Aside from hiring a guide, we weren’t sure how to incorporate our favorite activity into our daily life again. This took a huge toll on the mental health of both of us.
Spoiler alert: we did end up just hiring a guide and being shown popular areas. Once we were comfortable taking public transportation to places, we started incorporating our favorite sport back into our lives.
We also made an effort to try new things. Being near the beach for the first time in either of our lives opened up new activities like sea kayaking and surfing. My partner now takes a daily jog on the playa near our apartment.
Lesson learned: Be open to new ways of exercising. Research in advance if areas are outdoor-friendly. Be prepared to hire a guide to teach you the ins and outs of the area!
We Kept Mistaking the Food for Something it Wasn’t
In the past month, I cannot tell you how often I bought food, thinking it was one thing, and it turned out to be something completely different.
We do most of our food shopping at local stores. We are trying hard to learn the local culture and language, so we attempt to forgo American “luxuries” (like peanut butter) and live as the locals do. Obviously, we cave on occasion.
However — often hilariously and to our benefit — we haven’t figured the food thing out completely. Just last week, I bought a can of dark black cherries thinking they were olives. The cherries were delicious, but not quite what I was going for.
However, I am also a vegetarian. After purchasing and devouring half a bottle of smokey, spicy salsa de Morita, I realized that this particular brand of salsa contained chicken broth.
Oops! Wasn’t expecting that one.
For me, this was not the end of the world. The salsa didn’t make me sick, as I would have expected. I was disappointed, but it happens — and yes, the salsa was delicious. However, for someone with an allergy, this easily could have been a trip to the hospital.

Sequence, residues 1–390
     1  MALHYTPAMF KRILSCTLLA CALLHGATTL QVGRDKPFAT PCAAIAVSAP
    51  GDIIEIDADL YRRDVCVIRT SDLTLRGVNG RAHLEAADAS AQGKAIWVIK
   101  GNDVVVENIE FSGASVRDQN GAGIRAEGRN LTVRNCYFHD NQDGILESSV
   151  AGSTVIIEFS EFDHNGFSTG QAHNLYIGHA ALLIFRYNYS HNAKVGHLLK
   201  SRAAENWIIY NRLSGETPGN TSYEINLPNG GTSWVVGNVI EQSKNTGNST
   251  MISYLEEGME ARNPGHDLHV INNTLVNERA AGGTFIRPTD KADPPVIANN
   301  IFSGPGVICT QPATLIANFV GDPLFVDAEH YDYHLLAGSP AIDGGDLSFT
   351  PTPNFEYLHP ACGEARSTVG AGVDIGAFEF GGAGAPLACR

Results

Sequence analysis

Lesson learned: Be flexible and learn to laugh off mistakes. If you have a food allergy or a strict diet, you better learn how to identify all forms of your allergy in the local language.
Learning From My Newbie Mistakes
Exploring this area of Mexico has been a great joy. Although I’ve been traveling within my own country full time for years, I’ve made quite a few “newbie traveler” mistakes.
Here are my lessons learned:
- Learn to be flexible and forgive yourself for your mistakes
- If you have a strict diet, you need to learn to identify what you cannot have in your host language
- Be prepared to pay the tourist tax if you don’t learn the language
- Take language lessons — it’s courteous and will only help you!
- If you can help it, don’t book long-term trips in a spot without seeing it first. Test the bed.
- Be open to new ways of working out! Don’t be afraid to hire a guide.
- Leave the fancy cooking to the professionals, or take a lesson.
- Always come prepared for medical emergencies.
After a month of living in another country where I don’t speak the language well, I can tell you that every day is truly an adventure. It can take developing a thick skin to handle the overwhelm sometimes.
I wouldn’t change it for the world. However, I do wish someone had told me about the window situation or the chicken broth in the salsa.
Oh well! Así es la vida.